And then, on around midnight as darkness and rain licked at the windows, a rumbling. A roaring wall of noise as the river burst its banks and rolled through the neighborhood, washing houses away and uprooting trees and vomiting the charnel waste of Hillside Cemetery into the streets.

Alan and Meg became aware of that when the picture window downstairs shattered and wind and chill rain blew through the house.
“Alan…” Meg said. “Alan.”
“Probably a tree branch. I guess I better have a look. You stay here.”

But Meg wasn’t staying there. She threw on her robe,
the thick terrycloth one,
and went down the stairs with him. Eight months along, it was no easy bit for her going up and down the stairs. Alan had even offered to set up a bed in the living room for her, but she’d have none of it. But that was Meg. Eight months pregnant or not, she would not let it slow her down or alter her lifestyle anymore than necessary.

The lights were out, but Alan had seen that coming. He had flashlights by the bed and a couple gas camping lanterns all primed and ready to go. Flashlight in one hand and lantern in the other, he moved down the narrow stairs, smelling the water and the night and something else that just did not belong: a putrescent odor. Like something had died and been washed into his house in the dead of night.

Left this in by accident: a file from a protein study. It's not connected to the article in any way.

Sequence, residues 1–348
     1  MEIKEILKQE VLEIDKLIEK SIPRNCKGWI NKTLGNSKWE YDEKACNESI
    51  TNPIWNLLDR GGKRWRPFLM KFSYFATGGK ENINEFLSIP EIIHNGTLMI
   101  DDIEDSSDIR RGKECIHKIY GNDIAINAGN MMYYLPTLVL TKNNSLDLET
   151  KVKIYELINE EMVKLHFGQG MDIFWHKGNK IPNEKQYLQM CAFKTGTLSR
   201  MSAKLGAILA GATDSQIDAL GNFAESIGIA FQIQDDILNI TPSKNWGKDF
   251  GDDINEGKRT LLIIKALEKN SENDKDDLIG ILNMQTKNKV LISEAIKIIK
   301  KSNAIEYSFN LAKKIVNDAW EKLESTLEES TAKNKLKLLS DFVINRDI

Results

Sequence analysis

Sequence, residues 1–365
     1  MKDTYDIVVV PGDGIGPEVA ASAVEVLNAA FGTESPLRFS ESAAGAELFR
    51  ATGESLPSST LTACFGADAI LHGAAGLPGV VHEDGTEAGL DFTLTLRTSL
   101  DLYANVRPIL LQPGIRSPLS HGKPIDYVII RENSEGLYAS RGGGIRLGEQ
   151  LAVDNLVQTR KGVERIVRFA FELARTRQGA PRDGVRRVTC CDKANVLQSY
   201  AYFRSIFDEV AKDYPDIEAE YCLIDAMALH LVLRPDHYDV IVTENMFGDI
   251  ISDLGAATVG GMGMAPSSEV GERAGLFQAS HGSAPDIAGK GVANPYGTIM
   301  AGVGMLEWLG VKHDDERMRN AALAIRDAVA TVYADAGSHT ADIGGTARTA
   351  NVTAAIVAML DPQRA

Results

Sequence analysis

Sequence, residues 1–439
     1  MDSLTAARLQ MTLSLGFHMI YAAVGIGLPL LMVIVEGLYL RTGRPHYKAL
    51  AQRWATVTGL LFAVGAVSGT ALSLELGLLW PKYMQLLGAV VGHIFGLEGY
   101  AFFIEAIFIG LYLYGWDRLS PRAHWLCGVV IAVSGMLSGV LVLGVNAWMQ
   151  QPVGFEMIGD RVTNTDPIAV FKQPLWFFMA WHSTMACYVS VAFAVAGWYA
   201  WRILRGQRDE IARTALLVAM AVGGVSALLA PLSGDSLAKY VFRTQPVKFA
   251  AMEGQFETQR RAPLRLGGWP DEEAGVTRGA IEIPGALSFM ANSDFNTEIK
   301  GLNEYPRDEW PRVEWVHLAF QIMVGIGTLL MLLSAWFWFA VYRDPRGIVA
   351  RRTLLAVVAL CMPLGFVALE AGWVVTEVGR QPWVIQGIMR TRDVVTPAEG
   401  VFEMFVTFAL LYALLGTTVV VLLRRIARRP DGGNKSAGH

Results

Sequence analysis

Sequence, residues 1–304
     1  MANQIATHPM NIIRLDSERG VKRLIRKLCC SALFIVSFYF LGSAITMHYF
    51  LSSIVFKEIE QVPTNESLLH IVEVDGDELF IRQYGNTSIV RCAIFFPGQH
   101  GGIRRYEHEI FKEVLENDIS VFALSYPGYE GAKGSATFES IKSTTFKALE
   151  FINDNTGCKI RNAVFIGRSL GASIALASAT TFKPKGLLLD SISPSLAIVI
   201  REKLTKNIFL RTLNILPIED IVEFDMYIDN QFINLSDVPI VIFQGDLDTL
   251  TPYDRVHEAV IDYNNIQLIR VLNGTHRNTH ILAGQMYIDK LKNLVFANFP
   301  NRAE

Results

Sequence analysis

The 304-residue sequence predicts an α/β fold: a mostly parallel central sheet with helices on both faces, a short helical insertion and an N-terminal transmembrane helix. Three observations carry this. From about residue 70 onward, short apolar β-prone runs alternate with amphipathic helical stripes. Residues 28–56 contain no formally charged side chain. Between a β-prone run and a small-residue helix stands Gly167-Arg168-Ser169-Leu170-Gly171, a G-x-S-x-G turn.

In the living room, water spraying into his face, he stepped around the fragments of glass while Meg waited behind him.

“Be careful for godsake,” she said.

Setting aside the lantern, Alan put the flashlight beam on the thing that had broken his window. Not a tree branch at all. But an oblong shape, a box dripping water and covered in mildew and clots of earth. A coffin.

“Holy shit,” he said.
“What?” Meg said. “What is that?”
“It’s…it looks like a—”
“A casket,” she said for him, a note of panic just beneath her voice.
He swallowed. “Goddamn Hillside must have washed out of all things.”

He stepped forward, panning the light over the intruder to his happy little home. The box was old, pitted and discolored. It must have been in the ground for decades. Thank God it hadn’t burst open and spilled…well, spilled anything onto the carpet. It was wedged through the window tightly, just wide enough to slip through the pane. It was probably only a matter of shoving it back out.

You seriously want to touch that thing?

But he knew he didn’t have a choice.

There was no way in hell Meg would sleep with a goddamn casket stuck through the side pane of the picture window. She was a good kid in every way, but she was also a little on the superstitious side. Partly because of her Catholic upbringing and partly because she liked to read books that scared the hell out of her.

“Let’s get out of here,” Meg said. “I don’t like this, Alan. I’m not too adult to admit that this is freaking me out.”

Alan chuckled. “We can’t leave, Meg. Not right now. There’s nowhere to go
to.”

“All the same…”

“All the same nothing. I’ll just push it back out.”